Lessons

- Credit Risk Modelling - Case Studies
- Classification vs. Regression Models
- Case Study - German Credit - Steps to Build a Predictive Model
- Import Credit Data Set in R
- German Credit Data : Data Preprocessing and Feature Selection in R
- Credit Modelling: Training and Test Data Sets
- Build the Predictive Model
- Logistic Regression Model in R
- Measure Model Performance in R Using ROCR Package
- Create a Confusion Matrix in R
- Credit Risk Modelling - Case Study- Lending Club Data
- Explore Loan Data in R - Loan Grade and Interest Rate
- Credit Risk Modelling - Required R Packages
- Loan Data - Training and Test Data Sets
- Data Cleaning in R - Part 1
- Data Cleaning in R - Part 2
- Data Cleaning in R - Part 3
- Data Cleaning in R - Part 5
- Remove Dimensions By Fitting Logistic Regression
- Create a Function and Prepare Test Data in R
- Building Credit Risk Model
- Credit Risk - Logistic Regression Model in R
- Support Vector Machine (SVM) Model in R
- Random Forest Model in R
- Extreme Gradient Boosting in R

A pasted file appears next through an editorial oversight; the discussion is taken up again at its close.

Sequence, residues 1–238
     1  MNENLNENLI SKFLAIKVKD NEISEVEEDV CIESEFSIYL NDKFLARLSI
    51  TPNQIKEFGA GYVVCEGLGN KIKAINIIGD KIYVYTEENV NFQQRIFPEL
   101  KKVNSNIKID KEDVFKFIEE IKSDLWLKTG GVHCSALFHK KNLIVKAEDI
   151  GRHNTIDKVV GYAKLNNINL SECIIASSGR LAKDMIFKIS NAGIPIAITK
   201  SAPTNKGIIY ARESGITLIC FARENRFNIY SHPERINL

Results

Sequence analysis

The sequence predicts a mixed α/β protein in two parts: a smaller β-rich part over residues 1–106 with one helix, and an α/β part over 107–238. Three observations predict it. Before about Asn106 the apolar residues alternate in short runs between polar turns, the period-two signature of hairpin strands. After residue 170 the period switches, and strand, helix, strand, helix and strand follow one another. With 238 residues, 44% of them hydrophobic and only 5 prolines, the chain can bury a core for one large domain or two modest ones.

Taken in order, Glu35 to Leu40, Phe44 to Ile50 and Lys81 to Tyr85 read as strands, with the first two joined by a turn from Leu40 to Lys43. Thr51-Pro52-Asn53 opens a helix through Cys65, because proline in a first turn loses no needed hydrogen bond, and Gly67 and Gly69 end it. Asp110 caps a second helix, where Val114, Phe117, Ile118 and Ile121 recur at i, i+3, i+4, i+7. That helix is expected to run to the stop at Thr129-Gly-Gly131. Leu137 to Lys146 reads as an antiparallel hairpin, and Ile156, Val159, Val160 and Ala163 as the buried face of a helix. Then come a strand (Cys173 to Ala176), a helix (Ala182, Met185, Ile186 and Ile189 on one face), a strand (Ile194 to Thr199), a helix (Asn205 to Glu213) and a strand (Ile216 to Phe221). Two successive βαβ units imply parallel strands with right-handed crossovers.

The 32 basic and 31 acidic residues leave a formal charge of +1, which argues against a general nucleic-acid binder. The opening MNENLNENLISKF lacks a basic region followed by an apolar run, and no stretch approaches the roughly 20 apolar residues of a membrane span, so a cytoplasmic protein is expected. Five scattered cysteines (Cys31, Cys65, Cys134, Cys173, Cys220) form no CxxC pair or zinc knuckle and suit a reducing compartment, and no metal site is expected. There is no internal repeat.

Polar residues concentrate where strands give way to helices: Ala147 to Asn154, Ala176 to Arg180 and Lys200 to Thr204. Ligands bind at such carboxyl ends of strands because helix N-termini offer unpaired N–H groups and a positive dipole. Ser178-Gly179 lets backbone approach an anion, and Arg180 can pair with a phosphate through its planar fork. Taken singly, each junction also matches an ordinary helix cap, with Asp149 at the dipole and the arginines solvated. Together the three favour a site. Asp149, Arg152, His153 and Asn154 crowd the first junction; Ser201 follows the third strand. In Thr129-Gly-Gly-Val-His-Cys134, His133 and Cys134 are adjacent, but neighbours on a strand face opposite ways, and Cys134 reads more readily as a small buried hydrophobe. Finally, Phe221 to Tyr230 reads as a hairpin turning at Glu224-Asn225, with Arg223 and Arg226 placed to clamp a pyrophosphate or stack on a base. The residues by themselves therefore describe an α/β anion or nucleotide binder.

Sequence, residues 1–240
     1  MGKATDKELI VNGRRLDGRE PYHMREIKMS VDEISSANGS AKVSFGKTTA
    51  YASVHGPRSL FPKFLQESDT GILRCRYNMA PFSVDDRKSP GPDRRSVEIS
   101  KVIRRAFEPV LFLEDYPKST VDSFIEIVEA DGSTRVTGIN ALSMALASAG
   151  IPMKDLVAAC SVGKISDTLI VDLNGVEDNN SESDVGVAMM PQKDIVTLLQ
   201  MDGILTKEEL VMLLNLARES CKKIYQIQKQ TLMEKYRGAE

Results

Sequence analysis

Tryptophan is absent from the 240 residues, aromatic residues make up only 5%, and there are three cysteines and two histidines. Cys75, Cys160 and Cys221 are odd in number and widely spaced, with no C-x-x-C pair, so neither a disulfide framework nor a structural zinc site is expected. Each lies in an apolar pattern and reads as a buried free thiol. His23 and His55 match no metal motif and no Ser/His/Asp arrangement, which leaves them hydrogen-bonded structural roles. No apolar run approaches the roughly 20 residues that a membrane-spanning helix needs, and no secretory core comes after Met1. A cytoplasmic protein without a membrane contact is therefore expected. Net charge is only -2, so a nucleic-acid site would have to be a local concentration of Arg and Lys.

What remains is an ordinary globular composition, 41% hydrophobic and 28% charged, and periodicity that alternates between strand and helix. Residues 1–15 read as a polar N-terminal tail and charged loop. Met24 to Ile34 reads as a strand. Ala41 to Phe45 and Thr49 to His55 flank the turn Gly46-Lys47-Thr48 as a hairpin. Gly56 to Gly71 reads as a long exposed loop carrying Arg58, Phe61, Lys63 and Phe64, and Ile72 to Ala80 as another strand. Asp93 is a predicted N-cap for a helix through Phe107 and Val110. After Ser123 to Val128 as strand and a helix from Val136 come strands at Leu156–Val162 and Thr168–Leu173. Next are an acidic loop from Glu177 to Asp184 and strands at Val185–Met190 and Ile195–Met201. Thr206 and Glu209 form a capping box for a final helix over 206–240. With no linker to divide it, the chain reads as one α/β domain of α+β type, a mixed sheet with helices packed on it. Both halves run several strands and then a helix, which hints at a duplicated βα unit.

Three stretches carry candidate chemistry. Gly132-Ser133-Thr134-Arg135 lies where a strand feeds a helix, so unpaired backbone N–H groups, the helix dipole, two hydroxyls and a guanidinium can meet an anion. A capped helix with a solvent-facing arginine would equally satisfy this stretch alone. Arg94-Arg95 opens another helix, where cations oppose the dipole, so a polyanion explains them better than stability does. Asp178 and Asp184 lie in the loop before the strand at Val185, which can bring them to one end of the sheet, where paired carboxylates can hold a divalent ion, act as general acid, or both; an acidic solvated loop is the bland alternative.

- Predictive Modelling: Averaging Results from Multiple Models
- Predictive Modelling: Comparing Model Results
- How Insurance Companies Calculate Risk

# Data Cleaning in R - Part 3

### Default by States

We take a look at default rate for each state. We filter out states that have too small number of loans(less than 1000):

```
tmp = data_train %>% filter(loan_status=="Default") %>% group_by(addr_state) %>% summarise(default_count = n())
tmp2 = data_train %>% group_by(addr_state) %>% summarise(count = n())
tmp3 = tmp2 %>% left_join(tmp) %>% mutate(default_rate = default_count/count)
```

```
> tmp3
# A tibble: 50 x 4
addr_state count default_count default_rate
1 AK 112 42 0.375
2 AL 557 194 0.348
3 AR 315 122 0.387
4 AZ 1090 316 0.290
5 CA 6173 1837 0.298
6 CO 952 222 0.233
7 CT 563 147 0.261
8 DC 86 14 0.163
9 DE 118 31 0.263
10 FL 3014 933 0.310
# ... with 40 more rows
>
```

### Order States by Default Rate

We can order states by default rate to identify states with highest and lowest default rates.

```
#order by highest default rate
high_default = (tmp3 %>% filter(count > 1000) %>% arrange(desc(default_rate)))[1:10,"addr_state"]$addr_state
high_default
[1] "NY" "PA" "NJ" "OH" "FL" "IL" "NC" "MI" "TX" "CA"
```

```
# order by lowest default rate
low_default = (tmp3 %>% filter(count > 1000) %>% arrange((default_rate)))[1:10,"addr_state"]$addr_state
> low_default
[1] "CO" "GA" "VA" "AZ" "CA" "TX" "MI" "NC" "IL" "FL"
>
```

We then create binary variable for 5 highest states and 5 lowest states discard the rest.

# This content is for paid members only.

Join our membership for lifelong unlimited access to all our data science learning content and resources.